Cloud computing - Part 3

Sunday, November 6, 2011

This is in continuation of my part 1 and part 2 on cloud computing.

As we progress, we would well be moving away from ‘Silos’ based computer system and application. Cloud computing infrastructure would be residing in data centre, this would call for efficient use of hardware and more over manpower would need to support multiple servers or application. Optimization and effective control would play larger roles in infrastructure management of these data centre towards cloud computing.

As per National institute of standards and technology, US , some of the key characteristics towards cloud computing are,

Resource Pooling : The provider’s computing resources are pooled to serve multiple consumers using a multi-tenant model. There is a sense of location independence in that the customer generally has no control or knowledge over the exact location of the provided resources.

Rapid elasticity: Capabilities can be elastically provisioned and released, in some cases automatically, to scale rapidly outward and inward commensurate with demand. To the consumer, the capabilities available for provisioning often appear to be unlimited and can be appropriated in any quantity at any time

Measured service: Cloud systems automatically control and optimize resource use by leveraging a metering capability1 at some level of abstraction appropriate to the type of service (e.g., storage, processing, bandwidth, and active user accounts). Resource usage can be monitored, controlled, and reported, providing transparency for both the provider and consumer of the utilized service.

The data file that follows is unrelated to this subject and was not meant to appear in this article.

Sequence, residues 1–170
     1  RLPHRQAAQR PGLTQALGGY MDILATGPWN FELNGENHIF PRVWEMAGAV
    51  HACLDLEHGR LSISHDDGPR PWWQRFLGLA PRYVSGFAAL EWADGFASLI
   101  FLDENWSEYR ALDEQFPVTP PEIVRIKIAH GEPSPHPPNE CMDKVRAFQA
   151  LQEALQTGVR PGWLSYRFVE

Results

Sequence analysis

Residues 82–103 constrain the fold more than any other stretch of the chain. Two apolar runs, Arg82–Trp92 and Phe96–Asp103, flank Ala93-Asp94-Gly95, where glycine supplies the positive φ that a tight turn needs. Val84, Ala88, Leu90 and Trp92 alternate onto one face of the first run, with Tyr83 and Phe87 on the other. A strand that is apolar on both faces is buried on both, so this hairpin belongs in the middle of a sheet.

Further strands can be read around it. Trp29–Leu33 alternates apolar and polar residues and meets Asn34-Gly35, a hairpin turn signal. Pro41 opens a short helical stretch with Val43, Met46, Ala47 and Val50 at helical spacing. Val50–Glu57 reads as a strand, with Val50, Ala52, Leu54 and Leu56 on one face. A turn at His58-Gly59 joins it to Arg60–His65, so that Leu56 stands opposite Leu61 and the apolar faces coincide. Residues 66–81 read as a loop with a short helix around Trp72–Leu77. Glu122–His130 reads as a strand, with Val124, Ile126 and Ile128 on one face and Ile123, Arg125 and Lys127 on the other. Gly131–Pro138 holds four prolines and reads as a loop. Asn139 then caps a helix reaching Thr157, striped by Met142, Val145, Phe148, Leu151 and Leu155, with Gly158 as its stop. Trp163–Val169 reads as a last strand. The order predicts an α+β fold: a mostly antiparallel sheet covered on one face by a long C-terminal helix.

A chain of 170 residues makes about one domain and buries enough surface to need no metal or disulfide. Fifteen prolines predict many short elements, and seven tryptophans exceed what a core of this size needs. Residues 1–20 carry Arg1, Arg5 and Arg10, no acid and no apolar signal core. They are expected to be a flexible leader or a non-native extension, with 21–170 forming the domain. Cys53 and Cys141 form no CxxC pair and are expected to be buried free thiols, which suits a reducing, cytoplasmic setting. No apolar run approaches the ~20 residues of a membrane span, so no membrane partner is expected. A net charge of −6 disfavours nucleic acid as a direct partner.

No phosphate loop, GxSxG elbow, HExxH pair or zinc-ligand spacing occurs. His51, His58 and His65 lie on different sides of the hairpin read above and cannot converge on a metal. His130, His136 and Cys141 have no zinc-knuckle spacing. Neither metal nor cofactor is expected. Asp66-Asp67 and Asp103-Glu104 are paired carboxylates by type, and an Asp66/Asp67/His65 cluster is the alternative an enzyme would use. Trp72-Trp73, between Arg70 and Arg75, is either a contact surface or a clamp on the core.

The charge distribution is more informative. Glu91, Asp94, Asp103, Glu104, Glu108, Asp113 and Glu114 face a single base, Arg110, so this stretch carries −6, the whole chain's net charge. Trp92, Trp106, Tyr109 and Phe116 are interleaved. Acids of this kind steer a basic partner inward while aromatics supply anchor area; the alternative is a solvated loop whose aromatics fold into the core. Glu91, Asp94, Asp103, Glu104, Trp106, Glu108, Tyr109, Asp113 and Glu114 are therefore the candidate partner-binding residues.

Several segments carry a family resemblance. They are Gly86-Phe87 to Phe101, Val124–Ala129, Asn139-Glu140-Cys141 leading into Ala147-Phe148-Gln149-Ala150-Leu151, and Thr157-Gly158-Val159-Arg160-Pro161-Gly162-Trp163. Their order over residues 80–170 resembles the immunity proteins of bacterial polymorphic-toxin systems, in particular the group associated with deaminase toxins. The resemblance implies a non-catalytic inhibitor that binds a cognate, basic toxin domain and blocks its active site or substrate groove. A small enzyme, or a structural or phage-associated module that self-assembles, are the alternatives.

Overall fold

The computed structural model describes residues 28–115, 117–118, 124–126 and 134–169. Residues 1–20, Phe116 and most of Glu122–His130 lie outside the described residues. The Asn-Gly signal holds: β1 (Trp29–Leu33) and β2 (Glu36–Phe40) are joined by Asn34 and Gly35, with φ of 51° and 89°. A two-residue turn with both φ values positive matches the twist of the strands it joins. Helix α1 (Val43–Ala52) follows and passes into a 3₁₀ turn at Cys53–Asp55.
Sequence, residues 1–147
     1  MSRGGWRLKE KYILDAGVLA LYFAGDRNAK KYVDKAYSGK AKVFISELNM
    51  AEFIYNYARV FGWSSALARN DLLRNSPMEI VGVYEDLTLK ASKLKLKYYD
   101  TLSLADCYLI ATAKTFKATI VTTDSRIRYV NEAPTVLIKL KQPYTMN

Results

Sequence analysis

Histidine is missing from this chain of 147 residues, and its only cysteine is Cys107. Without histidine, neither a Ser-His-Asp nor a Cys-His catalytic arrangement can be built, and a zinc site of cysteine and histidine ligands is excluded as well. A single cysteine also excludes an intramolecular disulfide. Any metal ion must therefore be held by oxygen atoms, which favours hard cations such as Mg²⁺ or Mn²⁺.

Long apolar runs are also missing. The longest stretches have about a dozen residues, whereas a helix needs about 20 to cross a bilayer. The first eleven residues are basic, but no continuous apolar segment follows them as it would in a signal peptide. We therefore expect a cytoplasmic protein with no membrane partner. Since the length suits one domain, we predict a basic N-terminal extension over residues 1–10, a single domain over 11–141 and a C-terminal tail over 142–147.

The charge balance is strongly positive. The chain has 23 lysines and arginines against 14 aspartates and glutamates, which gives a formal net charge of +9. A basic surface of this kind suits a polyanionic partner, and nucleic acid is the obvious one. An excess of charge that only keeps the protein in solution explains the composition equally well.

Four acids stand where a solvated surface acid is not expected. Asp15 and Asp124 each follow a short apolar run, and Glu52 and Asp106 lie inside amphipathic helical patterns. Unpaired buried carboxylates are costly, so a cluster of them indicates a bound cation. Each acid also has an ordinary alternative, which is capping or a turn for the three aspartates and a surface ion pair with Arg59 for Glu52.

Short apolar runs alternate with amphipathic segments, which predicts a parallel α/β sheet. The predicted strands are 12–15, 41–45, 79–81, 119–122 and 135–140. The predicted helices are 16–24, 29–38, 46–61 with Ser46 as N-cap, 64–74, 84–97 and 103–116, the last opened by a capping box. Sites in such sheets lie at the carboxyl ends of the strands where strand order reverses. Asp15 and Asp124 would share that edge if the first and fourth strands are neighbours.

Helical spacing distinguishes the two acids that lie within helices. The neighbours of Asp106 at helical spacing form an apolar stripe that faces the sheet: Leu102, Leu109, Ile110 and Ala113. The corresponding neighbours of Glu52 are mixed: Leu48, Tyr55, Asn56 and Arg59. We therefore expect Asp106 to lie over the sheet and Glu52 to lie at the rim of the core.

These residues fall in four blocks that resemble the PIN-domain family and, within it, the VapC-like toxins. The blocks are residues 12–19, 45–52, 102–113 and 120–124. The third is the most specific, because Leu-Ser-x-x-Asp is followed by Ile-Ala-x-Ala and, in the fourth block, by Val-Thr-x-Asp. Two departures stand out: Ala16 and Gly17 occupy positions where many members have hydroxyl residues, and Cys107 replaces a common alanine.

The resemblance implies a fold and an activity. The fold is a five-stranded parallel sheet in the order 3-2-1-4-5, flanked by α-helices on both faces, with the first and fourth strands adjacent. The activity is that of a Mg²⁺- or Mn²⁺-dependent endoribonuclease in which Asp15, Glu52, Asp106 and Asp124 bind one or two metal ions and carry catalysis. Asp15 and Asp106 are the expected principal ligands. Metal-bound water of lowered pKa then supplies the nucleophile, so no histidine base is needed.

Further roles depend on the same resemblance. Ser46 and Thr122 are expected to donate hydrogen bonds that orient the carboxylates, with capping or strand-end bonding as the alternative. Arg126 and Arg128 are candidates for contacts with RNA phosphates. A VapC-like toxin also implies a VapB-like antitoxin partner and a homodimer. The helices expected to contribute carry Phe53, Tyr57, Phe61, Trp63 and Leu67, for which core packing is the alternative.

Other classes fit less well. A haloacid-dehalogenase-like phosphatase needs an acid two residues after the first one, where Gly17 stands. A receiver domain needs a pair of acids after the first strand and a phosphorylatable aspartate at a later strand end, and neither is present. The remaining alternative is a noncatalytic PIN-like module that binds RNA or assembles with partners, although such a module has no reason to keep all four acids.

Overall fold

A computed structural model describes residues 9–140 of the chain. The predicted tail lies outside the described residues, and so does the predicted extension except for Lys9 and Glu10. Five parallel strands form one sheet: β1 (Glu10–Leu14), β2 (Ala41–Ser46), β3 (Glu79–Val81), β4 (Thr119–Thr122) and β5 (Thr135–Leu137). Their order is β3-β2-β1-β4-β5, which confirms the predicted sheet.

As this leads to a situation where, cloud computing needs to provide services wherein there is zero downtime and resources being shared, so naturally hardware for cloud computing is getting evolved, the technology related to Grid computing, clustering – RAC, Data Guard, better performing machines like Exadata has been increasing offered by vendor towards satisfying the characteristics of cloud computing.

A brief look at the terminologies and technology used,

A cluster consists of a group of independent but interconnected computers whose combined resources can be applied to a processing task.

A clusterware is a term used to describe software that provides interfaces and services that enable and support a cluster. The combination of oracle Clusterware, Automatic Storage management provides a unified cluster solution that is the foundation to Oracle real application cluster database.

Real Application Clusters allows multiple nodes in a clustered system to mount and open a single database that resides on shared disk storage. Should a single system (node) fail, the database service will still be available on the remaining nodes.

It might still require few more years before cloud computing matures and it might well re-define the IT outsourcing map.

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